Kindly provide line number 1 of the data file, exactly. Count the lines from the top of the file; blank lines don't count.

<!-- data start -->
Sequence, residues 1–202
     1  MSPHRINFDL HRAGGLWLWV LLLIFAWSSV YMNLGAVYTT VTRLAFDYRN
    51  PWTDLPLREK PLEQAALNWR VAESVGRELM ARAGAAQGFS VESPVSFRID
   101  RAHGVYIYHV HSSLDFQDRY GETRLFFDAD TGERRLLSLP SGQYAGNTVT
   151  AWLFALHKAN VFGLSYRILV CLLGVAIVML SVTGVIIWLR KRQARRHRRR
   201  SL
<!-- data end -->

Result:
Sequence, residues 1–202